Real Madrid CF

Carlo Ancelotti in running to replace Zinedine Zidane at Real Madrid

Max Cooper
May 16, 2021, 11:15 AM GMT+1
Could Ancelotti be in line for a return to Real Madrid?
Could Ancelotti be in line for a return to Real Madrid? / Robbie Jay Barratt - AMA/Getty Images
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Everton boss Carlo Ancelotti is under consideration to replace Zinedine Zidane as Real Madrid manager, should the Frenchman leave the club as expected.

The Italian boss was in charge of los Merengues for two seasons from 2013 to 2015, winning the Champions League in his first campaign at the helm. He was sacked at the end of his second year with the club, but could be set for a dramatic return this summer.

The Mirror report that Madrid are considering Ancelotti as the successor to Zidane, who looks likely to leave the club at the end of the current campaign.

Zidane has done an impressive job since returning to the Spanish capital in March 2019, winning the La Liga title and leading his side to a possible defence of their crown this year. But the Frenchman has grown weary of the stresses and pressures of management at Santiago Bernabeu, and could walk away once the season finishes.

The Madrid boss is believed to have told his players that he will leave after their final clash of the campaign against Villarreal, irrespective of whether they win another La Liga title.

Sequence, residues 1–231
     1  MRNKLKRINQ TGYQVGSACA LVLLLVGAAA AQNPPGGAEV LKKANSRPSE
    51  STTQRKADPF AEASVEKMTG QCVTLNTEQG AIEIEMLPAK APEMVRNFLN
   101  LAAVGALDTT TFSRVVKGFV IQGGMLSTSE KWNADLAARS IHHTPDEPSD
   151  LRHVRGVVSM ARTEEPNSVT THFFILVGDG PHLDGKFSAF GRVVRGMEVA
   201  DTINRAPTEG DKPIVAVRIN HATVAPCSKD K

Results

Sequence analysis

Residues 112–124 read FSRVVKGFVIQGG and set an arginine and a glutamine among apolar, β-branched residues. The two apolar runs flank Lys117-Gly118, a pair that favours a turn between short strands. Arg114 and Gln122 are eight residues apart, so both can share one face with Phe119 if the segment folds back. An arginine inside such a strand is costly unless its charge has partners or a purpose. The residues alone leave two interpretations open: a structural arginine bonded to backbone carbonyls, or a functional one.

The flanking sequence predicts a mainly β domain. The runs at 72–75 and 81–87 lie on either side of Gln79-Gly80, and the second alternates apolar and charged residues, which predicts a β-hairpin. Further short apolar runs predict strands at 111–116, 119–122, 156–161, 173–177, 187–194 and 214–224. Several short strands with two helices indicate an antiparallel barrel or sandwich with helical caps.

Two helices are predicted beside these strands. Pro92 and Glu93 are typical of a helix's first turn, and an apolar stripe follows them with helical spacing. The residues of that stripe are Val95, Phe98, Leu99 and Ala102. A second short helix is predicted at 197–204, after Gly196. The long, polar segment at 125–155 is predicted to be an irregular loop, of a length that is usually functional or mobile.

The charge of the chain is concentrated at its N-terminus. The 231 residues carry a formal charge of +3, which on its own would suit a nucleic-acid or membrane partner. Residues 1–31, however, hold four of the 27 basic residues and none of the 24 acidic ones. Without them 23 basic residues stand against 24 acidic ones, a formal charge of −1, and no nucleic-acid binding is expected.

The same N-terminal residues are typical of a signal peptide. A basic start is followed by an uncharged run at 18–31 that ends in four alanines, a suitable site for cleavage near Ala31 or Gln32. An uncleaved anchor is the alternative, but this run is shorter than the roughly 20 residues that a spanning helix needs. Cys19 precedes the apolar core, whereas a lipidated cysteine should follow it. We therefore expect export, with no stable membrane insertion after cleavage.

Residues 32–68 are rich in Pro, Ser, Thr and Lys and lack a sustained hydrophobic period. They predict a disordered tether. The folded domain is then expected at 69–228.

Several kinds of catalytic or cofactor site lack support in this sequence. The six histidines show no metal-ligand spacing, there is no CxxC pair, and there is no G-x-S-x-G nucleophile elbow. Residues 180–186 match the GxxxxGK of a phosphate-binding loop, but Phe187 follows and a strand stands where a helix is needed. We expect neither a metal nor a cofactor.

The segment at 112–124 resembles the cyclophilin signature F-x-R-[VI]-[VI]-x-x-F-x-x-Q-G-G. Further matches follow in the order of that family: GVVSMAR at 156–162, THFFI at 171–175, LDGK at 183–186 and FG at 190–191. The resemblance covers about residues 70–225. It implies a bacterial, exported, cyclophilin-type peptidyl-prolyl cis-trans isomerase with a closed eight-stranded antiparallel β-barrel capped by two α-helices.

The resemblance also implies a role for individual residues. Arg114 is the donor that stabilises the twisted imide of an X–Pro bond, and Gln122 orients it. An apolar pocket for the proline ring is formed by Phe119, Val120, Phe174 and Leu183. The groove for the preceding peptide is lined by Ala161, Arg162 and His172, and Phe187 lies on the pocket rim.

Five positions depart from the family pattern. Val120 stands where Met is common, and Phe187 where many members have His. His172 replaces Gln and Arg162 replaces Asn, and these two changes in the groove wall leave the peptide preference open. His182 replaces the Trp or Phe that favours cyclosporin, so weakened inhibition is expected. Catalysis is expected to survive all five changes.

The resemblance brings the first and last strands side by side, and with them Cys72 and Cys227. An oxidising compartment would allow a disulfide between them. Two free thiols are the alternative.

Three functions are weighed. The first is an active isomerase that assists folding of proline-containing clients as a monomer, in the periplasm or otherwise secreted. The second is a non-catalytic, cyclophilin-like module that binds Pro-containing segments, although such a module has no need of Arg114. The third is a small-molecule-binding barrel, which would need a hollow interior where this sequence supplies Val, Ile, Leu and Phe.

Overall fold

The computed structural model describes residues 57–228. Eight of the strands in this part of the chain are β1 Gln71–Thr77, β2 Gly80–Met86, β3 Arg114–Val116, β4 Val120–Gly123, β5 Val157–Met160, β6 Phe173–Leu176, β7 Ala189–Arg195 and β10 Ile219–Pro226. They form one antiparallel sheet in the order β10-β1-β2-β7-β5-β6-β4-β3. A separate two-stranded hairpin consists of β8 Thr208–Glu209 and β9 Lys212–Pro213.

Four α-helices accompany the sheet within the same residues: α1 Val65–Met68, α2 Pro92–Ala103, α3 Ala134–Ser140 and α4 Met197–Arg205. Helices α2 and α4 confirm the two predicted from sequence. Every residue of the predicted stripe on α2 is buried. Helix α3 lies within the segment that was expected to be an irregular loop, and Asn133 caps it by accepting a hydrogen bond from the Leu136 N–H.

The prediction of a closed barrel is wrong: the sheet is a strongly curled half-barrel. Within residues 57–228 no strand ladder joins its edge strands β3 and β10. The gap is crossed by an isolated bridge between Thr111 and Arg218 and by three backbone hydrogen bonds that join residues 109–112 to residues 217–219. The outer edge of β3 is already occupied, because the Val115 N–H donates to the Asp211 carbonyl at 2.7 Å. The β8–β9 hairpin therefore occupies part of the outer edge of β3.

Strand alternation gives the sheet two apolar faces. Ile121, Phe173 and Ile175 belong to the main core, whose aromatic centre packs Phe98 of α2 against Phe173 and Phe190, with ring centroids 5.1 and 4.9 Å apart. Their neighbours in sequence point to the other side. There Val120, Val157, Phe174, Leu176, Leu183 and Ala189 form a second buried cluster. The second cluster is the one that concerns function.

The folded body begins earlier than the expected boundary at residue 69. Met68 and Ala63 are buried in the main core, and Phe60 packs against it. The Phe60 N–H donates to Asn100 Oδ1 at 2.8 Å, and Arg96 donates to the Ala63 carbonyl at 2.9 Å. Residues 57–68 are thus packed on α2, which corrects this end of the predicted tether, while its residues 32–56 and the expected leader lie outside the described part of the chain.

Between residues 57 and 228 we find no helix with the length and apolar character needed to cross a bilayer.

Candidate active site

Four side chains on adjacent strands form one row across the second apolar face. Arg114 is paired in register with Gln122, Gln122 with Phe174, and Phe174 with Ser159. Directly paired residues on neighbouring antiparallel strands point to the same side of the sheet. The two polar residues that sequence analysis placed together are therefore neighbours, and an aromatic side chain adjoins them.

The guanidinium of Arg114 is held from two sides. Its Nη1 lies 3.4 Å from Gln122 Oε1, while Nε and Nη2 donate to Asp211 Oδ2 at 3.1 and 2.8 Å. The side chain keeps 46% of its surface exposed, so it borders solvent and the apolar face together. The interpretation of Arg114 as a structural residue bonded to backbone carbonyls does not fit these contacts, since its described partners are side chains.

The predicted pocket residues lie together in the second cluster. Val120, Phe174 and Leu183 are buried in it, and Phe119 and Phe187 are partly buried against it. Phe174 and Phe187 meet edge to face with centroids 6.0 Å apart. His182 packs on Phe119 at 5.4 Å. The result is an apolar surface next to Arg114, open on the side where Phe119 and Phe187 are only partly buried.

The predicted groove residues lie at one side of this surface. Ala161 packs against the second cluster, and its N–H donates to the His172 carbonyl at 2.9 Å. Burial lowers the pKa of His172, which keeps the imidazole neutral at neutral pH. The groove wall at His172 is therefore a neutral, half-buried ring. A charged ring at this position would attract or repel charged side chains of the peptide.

That would leave a gaping hole for Florentino Perez to fill, and there is a growing belief that Everton boss Ancelotti could get the call. He has worked well at Goodison Park since arriving in December 2019, guiding the Toffees into contention for European qualification, while turning Dominic Calvert-Lewin into one of the most in-form strikers in the Premier League.

The Merseysiders sit eighth in the Premier League heading into the final weeks of the season, but still have a realistic chance of sealing a top six finish and qualifying for the Europa League.

Carlo Ancelotti
Ancelotti is an excellent man manager / Ian MacNicol/Getty Images

Ancelotti is known for his ability to manage egos and to keep a group of superstars satisfied, and that skill would be vital at a club like Madrid - where a collection of the highest paid footballers on the planet walk the corridors.

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